Klaxons can be blamed for many things: preposterous stage costumes, daft literary name checking and silly hair amongst them. But, perhaps above all else, their legacy may be paving the way for a myriad of one-time-boring indie bands to mine rave’s hyper-euphoric past in search of inspiration.

Delphic – a much-hyped trio from Manchester – are the latest in an ever-lengthening line. Their debut single, ‘Counterpoint’, sounds so much like New Order remixed by Orbital as to be almost a parody. But no, this lot are deadly serious. And when you listen to Delphic’s songs – precision tooled marriages of pop hooks and shamelessly anthemic riffs – you can see why: mainstream success is all but a formality.

“I don’t think there are many indie bands looking at the whole thing – a unified vision,” reckons guitarist Matt Cocksedge, who met Dan Theman (drums) at school and James Cook (vocals) at Uni to form the band. “The music we make is quite reactionary to what’s going on – we’re not part of the London or Manchester scene, we’re not big partiers or drinkers, we’re holed up in our flats making music or these random films: noodling on synths is fun for us.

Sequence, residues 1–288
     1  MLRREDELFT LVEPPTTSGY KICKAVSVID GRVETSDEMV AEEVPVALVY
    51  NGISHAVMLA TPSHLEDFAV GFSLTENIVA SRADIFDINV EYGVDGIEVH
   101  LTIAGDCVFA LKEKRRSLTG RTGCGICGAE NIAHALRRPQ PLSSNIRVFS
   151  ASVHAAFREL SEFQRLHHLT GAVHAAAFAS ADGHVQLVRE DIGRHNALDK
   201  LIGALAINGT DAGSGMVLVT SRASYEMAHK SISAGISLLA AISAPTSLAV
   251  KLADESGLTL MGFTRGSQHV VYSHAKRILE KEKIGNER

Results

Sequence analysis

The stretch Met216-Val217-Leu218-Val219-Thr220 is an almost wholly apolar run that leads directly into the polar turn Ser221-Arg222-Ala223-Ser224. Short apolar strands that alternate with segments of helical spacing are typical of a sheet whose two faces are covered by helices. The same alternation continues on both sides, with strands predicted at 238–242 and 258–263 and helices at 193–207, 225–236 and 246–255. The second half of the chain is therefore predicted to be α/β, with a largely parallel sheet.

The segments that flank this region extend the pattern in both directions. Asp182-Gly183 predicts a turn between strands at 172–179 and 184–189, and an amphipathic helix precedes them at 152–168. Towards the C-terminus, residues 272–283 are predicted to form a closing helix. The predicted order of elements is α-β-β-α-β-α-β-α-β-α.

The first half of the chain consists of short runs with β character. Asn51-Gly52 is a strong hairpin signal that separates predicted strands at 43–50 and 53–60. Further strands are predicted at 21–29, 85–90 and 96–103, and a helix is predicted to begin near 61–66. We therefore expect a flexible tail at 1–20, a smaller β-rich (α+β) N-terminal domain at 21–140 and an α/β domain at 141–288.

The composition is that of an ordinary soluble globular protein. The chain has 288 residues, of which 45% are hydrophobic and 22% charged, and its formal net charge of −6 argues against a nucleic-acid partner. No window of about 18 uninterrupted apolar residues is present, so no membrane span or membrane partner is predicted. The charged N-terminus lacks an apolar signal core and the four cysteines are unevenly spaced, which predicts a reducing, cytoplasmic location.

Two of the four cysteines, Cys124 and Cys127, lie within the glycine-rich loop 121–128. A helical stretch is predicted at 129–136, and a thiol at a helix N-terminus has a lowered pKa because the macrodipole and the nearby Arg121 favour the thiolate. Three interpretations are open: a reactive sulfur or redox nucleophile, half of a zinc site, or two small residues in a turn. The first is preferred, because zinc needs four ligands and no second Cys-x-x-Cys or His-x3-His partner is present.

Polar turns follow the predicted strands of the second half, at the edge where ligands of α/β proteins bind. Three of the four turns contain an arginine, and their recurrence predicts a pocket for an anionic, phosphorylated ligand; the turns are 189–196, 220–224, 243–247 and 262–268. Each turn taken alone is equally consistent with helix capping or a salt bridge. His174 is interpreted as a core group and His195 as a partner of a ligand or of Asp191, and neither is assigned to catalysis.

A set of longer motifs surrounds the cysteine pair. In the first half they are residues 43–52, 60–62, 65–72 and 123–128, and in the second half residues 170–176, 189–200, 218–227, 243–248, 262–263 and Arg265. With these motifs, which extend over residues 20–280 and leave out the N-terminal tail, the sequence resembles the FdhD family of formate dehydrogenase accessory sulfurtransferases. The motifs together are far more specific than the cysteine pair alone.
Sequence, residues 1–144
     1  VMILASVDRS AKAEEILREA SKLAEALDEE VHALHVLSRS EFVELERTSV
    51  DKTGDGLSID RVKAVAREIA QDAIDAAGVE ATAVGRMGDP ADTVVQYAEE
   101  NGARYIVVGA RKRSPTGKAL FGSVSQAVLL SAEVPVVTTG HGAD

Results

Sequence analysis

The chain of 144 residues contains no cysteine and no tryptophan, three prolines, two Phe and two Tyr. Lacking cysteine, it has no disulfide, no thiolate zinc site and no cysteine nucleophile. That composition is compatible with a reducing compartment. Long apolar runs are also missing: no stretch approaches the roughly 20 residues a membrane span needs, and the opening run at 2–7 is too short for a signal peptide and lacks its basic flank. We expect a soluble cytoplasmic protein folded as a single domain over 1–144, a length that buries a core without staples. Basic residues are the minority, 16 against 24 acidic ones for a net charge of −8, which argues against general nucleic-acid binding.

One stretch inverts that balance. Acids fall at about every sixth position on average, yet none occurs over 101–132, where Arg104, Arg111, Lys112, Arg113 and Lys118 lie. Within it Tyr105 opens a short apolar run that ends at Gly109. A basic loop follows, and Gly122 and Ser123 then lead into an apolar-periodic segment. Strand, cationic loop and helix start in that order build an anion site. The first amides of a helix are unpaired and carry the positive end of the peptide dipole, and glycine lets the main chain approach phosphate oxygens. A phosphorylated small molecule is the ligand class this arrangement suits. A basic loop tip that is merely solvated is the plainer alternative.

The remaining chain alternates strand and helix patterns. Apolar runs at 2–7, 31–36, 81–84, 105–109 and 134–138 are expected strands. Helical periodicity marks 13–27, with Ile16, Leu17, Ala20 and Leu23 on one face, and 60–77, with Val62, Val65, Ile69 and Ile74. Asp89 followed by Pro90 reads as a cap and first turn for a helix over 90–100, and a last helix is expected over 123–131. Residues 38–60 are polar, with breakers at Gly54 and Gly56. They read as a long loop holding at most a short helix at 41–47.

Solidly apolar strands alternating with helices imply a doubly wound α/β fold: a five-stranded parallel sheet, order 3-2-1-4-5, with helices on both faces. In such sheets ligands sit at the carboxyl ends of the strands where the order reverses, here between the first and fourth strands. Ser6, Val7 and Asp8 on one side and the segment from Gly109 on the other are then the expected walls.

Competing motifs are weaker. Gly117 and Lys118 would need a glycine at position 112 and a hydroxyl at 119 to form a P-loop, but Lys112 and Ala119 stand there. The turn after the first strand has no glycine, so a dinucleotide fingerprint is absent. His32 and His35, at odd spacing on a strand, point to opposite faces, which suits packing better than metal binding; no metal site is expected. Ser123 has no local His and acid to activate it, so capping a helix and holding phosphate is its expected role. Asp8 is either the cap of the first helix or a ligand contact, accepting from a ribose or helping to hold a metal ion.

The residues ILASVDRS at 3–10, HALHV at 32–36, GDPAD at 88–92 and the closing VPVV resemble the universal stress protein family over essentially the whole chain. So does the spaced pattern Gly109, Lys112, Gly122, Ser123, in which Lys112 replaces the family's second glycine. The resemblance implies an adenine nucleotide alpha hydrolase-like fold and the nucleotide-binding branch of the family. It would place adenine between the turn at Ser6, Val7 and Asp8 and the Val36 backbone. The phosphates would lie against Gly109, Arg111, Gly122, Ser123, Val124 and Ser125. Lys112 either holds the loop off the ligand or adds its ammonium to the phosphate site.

Delphic are currently “holed up” recording their debut album in a remote studio in Wales with Rapture-producer and techno DJ Ewan Pearson (“he’s great at seeing the overall picture”), before heading to Berlin to finish it off in time for a September release. “We really want to make an album that stands up rather than a miscellany of songs that could seemingly be put in any order. It’s an optimistic album, looking up at the stars…we try to make euphoric dance music with a soul.”

So, how does the dynamic between the three of them work? “We’re all equally involved,” says Matt. “We’ve all got very strong ideas on aspects of the music and design and videos and artwork…it’s a very communist type thing.”

Citing the likes of Kraftwerk and Björk as benchmarks, Delphic say they, “put as much thought into the image as the music.” This is reflected in an attention to detail in videos and photo-shoots that recalls the likes of Factory. “We want to be as complete as we can be as artists,” concludes Matt. “We want to work with people with good ideas, we like trying new things, try to be interesting and do different things.”

Maximillian Ray



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